Industrialization Effects on American Social Movements

How Industrialization Effected The American Social Movements

Photo by Adrienguh on Unsplash

In shaping American society, industrialization played a major role. From 1869–1901, it was known as the ‘Gilded Age’.

There have been social and economic development. The construction of the transcontinental railroad, which ended in 1869, was one of the most dramatic changes. Trains have created a growing demand for production as manufacturers have become more capable of producing and distributing more.

Entrepreneurs dominated modern commerce as a request hundreds of years ago when politicians were in control of everything. Big figures such as Carnegie Steel Company owner Andrew Carnegie, Standard Company owner John Rockefeller, Cornelius Vanderbilt, who laid miles of the train, were some of the first very successful business owners making millions of dollars.

Productive Results By Industrialization

Unless the ranchers’ pastors were doing the same job, the cost of their product was declining.

It looked good and financially good to send a lot of produce to the nation. So for the majority of farmers, this was a great tragedy because they could not bring about enough to challenge the big organizations.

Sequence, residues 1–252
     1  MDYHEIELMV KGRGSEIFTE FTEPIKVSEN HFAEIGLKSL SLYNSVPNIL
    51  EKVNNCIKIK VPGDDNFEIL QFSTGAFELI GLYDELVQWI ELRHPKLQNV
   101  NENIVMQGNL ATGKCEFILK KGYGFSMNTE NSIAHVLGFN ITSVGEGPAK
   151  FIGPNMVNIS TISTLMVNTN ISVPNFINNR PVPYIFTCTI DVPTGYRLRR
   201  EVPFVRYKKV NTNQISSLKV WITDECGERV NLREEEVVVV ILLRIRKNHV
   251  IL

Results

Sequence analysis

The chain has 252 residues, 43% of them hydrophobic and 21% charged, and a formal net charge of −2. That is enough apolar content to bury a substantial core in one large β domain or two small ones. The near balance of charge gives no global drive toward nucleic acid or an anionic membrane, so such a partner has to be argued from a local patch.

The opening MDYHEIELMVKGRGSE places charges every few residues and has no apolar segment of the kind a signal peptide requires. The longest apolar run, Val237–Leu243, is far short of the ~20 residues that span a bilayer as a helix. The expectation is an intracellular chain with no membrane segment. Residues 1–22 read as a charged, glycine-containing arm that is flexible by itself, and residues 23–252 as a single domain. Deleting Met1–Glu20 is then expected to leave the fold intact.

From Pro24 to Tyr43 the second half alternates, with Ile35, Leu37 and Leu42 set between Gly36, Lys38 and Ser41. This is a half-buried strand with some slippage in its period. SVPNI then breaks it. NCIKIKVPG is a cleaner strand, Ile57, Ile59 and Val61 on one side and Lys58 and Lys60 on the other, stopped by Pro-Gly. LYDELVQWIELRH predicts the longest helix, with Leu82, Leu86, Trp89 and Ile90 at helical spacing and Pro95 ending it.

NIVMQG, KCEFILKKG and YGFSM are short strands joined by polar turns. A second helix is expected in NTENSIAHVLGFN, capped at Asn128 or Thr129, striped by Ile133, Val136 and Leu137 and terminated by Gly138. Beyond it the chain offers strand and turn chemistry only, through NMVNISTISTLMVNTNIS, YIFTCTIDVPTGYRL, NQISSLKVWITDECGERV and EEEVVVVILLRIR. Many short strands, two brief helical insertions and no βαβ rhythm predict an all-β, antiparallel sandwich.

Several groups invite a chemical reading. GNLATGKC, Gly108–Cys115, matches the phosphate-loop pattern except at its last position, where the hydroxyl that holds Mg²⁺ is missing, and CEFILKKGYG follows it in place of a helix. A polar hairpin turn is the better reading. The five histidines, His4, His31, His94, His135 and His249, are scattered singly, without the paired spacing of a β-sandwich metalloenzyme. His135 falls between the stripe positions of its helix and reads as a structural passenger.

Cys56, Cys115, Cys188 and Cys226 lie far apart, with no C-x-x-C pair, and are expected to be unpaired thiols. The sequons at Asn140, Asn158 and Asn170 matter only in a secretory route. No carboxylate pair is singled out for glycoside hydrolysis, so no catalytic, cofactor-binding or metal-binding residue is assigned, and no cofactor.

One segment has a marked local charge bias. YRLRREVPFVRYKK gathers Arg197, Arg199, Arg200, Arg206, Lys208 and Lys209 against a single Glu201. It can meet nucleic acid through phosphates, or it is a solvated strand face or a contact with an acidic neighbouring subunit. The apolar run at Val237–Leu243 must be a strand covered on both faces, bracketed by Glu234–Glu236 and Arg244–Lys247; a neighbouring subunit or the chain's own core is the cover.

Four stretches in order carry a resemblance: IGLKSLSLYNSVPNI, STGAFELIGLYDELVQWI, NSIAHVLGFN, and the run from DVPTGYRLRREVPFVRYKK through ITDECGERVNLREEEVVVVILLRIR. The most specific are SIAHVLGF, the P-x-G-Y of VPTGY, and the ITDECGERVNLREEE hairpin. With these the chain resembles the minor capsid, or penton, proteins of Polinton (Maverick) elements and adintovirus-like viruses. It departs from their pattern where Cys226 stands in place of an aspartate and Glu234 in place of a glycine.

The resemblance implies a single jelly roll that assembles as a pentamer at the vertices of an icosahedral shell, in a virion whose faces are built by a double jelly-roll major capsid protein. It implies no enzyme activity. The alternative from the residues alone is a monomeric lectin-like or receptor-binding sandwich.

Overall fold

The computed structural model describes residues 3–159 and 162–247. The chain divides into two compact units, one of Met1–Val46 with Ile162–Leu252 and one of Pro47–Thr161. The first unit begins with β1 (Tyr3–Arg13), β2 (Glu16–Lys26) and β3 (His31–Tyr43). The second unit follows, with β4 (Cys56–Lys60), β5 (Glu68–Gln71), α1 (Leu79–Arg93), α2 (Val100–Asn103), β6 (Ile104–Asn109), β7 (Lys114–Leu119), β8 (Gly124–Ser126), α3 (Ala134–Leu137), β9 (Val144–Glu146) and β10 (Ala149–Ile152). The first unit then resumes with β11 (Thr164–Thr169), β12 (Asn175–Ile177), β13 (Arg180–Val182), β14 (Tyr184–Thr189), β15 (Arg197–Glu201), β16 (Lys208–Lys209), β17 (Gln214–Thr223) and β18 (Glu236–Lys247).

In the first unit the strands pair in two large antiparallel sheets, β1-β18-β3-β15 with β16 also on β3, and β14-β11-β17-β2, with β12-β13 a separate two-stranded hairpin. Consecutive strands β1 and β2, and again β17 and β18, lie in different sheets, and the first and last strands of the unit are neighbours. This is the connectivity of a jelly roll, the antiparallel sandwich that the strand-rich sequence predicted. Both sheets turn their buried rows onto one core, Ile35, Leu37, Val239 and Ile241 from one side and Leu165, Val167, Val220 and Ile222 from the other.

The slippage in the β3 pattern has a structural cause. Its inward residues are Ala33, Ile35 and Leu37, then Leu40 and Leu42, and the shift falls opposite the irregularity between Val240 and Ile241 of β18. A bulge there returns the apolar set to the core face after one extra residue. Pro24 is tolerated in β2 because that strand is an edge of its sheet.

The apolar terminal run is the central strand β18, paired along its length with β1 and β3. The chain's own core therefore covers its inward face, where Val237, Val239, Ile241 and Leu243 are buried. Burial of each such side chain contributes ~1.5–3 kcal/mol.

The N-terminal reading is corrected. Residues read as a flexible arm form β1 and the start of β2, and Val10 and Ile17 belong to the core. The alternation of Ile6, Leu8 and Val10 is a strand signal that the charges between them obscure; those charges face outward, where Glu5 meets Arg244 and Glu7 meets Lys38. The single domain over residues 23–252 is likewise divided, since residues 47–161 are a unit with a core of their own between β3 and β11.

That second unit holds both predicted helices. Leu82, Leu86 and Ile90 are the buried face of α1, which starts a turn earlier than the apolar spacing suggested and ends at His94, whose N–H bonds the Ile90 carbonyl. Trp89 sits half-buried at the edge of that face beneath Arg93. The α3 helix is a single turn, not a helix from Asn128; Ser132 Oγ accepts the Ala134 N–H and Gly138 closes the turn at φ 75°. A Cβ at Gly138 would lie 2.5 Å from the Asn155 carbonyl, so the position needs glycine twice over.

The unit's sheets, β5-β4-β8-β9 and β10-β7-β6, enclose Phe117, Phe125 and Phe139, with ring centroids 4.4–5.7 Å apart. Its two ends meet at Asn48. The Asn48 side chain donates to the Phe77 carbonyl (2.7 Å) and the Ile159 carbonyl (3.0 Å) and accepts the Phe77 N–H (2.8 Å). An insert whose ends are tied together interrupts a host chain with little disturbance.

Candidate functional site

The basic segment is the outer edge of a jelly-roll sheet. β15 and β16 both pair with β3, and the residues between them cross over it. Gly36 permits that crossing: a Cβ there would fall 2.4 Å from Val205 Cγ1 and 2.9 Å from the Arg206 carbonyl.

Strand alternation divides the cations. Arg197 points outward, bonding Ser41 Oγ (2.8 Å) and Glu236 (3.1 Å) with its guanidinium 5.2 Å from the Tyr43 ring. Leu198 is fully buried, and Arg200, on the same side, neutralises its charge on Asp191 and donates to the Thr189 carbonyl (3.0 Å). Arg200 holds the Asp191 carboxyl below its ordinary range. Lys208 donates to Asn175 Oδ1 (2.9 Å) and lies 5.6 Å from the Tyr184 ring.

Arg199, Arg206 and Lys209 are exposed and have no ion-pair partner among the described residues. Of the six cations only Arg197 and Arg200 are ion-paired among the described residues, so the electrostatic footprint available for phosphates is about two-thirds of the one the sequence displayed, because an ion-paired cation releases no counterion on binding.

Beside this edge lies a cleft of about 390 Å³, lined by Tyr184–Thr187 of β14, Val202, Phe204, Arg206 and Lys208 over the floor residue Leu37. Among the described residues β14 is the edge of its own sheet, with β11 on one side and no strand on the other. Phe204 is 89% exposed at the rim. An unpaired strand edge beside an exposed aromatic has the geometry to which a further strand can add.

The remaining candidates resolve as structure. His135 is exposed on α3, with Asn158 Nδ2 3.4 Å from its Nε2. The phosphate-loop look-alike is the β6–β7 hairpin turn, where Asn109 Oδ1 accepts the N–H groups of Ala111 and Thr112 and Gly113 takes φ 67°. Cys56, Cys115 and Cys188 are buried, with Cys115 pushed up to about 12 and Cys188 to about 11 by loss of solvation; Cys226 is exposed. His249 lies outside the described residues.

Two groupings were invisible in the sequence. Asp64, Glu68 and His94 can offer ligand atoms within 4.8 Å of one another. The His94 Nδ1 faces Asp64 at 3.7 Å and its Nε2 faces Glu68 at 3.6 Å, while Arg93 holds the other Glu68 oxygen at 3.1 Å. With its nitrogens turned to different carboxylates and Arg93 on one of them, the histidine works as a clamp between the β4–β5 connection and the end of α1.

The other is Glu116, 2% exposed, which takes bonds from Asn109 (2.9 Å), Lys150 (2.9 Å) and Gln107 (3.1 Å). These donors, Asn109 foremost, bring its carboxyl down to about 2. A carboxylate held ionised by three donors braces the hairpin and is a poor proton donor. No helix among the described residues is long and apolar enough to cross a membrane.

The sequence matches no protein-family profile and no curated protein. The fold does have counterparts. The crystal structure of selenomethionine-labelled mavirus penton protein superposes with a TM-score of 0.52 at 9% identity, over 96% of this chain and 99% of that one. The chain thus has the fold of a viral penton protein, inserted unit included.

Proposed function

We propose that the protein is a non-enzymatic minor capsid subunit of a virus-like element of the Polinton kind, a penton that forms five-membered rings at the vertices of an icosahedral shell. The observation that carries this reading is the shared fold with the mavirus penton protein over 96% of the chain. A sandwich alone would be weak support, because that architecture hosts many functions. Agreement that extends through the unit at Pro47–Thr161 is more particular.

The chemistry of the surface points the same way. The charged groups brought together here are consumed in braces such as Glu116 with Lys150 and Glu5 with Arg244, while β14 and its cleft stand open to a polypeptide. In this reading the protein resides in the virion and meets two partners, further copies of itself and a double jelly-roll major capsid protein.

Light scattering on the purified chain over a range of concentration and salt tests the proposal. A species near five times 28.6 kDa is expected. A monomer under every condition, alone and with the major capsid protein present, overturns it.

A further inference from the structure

A few organizations were very productive, working with others in the same industry, just for the sake of “improving”. This has encouraged farmers and their families to relocate to urban areas for a better standard of living.

Usually, they all live in the same room on the roof of the house, which did not have proper plumbing and separate facilities. Living in such conditions has caused many illnesses, increasing travel rates in the city.

In 1874, due to urban sprawl, one in four people were unemployed in urban communities. Many unemployed professionals came together to organize various organizations and to take part in the fighting at different times.

Effects of Industrialization on Women and Children

The industrialization has also greatly affected the presence of women and children. Women have been shown to work the same number of hours as men, and in any case, they are paid half of the men’s salary.

They were often hired to perform positions that had to be held by men, working in unhygienic and dangerous conditions. Although difficult to accept, the industrialization of women has had a positive impact.

They eventually found their place in the public eye and gained their independence. Youngster’s work also suffered from crop failure. About 1.5 million young people were working, rather than studying in New York City during the Industrial Revolution.

How Native Americans were effected by Industrialization Revolution?

Also, the last important gathering of industrialized people was the Native Americans.

While the use of the railway became commonplace, many people moved westward and finished off the homes of Native Americans. There were many important killers, for example, the Sand Creek Massacre in 1864 where many Indian women and men were killed.

At that time in 1860 and 1870, the Sioux Wars took place on the Great Plains. Unless the family started a war and tried to guard their homes, they were forced and forced to leave their homes. During these years, reservations became commonplace, especially in Dakotas, New Mexico, and Oklahoma.



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